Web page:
Genetic counselors (GCs) can frame information in either general terms (i.e., population risks) or individual terms (i.e., tailoring to specific client characteristics). We investigated whether informational framing might reflect GCs' implicit racial bias.We analyzed previously videotaped genetic counseling sessions with white and minority (Black and Latino) simulated clients (SCs) and modeled the relationship between sixty GCs' implicit racial bias, as measured by the Implicit Association Test (IAT), and informational framing (general or individual) as characterized by the Roter Interaction Analysis System.Higher (more pro-white) IAT scores predicted less informational individuation for minority relative to white SCs. Similarly, higher IAT predicted fewer facilitation and activation statements to minority relative to white SCs. With higher IAT-scoring GCs, minority SCs disclosed less psychosocial and lifestyle information, and asked fewer medical questions (all p < 0.05).GCs' racial implicit bias may be associated with less individualized communication style when counseling minority clients.Future research should address whether increasing informational individuation can ameliorate negative consequences of implicit bias and help providers reframe perceptions of minority patients in individual rather than categorical terms.

    View details for DOI 10.1016/j.pec.2019.10.016

    View details for Web of Science ID 000523305400017

    View details for PubMedID 31708237

    View details for PubMedCentralID PMC7138711

  • Genetic counselor implicit bias and its effects on cognitive and affective exchanges in racially discordant simulations JOURNAL OF GENETIC COUNSELING Lowe, C. L., Beach, M., Roter, D. L. 2020; 29 (3): 332-341


    Previous studies have linked clinicians' implicit racial bias with less patient-centered communication between healthcare providers and patients in a variety of healthcare contexts. The current study extends this research by exploring the influence of implicit racial bias in genetic counselors' (GCs') facilitation of simulated clients' cognitive and emotional processing during genetic counseling sessions. We conducted a secondary analysis of a nationally representative sample of genetic counseling sessions of White and ethnic and/or racial minority (Black and Latinx) simulated clients with a subset of 60 GCs who had completed a Race Implicit Association Test (IAT). Linguistic Inquiry Word Count (LIWC) was applied to session transcripts to identify word use by the simulated client consistent with emotional and cognitive processing. The Roter Interaction Analysis System (RIAS) was used to link GC statements consistent with facilitation of emotional and cognitive processing, as used in previous studies. Multiple linear regression analyses were performed to relate LIWC and RIAS variables to GC IAT scores, client race/ethnicity, and statistical interaction between GC IAT scores and client race/ethnicity. GCs used more cognitive facilitation strategies with ethnic and/or racial minority than with White clients (p = .04). There were no statistically significant associations between GCs' pro-White implicit bias and GCs' facilitation of cognitive and emotional processing or clients' use of positive, negative, or cognitive process words. While implicit bias may affect some communication processes, our analysis did not show a relationship between GC IAT score and how GCs help clients process emotional or cognitive information conveyed during a session. It is also possible that the LIWC measure of cognitive and emotional processing is not a sensitive enough measure to capture an implicit bias effect if indeed one is present.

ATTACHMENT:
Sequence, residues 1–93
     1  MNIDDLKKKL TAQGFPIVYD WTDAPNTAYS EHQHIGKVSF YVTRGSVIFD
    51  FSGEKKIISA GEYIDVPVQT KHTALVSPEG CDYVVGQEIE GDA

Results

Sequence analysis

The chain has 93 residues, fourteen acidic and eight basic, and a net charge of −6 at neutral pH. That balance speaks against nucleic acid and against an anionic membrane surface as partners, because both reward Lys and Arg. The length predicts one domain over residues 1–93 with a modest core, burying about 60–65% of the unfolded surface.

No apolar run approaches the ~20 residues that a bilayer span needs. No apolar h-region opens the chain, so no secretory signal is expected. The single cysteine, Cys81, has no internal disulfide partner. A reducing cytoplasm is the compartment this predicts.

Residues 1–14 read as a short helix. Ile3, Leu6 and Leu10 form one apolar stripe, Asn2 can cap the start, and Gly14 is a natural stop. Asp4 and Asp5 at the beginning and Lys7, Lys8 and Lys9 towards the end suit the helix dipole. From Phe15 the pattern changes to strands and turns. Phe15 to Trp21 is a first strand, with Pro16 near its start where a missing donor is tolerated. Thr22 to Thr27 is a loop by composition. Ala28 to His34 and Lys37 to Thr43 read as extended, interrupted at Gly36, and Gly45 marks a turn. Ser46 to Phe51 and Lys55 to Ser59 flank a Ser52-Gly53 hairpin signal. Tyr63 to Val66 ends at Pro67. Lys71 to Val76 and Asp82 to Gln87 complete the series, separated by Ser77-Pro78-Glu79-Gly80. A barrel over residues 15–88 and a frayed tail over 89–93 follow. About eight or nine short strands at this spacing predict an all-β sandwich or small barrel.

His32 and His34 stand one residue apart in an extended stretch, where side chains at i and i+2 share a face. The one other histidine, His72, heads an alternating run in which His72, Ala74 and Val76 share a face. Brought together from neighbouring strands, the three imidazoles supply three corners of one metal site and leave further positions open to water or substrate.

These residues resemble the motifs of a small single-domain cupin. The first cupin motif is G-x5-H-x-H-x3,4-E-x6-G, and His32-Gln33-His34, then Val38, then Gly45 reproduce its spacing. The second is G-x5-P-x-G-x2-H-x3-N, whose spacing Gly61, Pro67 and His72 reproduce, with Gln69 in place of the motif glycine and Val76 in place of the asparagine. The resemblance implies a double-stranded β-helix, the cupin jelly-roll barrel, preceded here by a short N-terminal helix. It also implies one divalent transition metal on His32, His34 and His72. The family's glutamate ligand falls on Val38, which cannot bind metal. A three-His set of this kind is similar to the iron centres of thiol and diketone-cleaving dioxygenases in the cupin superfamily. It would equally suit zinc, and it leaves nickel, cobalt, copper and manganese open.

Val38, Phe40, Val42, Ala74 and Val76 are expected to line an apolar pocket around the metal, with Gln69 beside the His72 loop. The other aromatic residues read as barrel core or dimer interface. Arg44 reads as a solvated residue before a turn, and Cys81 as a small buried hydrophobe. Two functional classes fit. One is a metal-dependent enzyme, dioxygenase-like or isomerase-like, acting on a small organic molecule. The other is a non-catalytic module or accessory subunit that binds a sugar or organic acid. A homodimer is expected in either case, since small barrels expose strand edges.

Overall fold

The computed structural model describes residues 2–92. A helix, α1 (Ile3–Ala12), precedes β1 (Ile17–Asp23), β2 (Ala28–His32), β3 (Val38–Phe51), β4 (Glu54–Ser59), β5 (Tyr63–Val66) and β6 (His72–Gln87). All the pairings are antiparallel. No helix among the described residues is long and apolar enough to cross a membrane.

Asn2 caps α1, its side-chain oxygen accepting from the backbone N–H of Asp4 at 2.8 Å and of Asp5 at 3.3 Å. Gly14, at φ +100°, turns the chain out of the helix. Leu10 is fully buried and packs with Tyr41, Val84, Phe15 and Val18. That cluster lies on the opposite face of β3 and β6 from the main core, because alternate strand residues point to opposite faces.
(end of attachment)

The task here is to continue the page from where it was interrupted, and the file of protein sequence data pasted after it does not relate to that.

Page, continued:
View details for DOI 10.1002/jgc4.1243

    View details for Web of Science ID 000564412000001

    View details for PubMedID 32144859

    View details for PubMedCentralID PMC7272306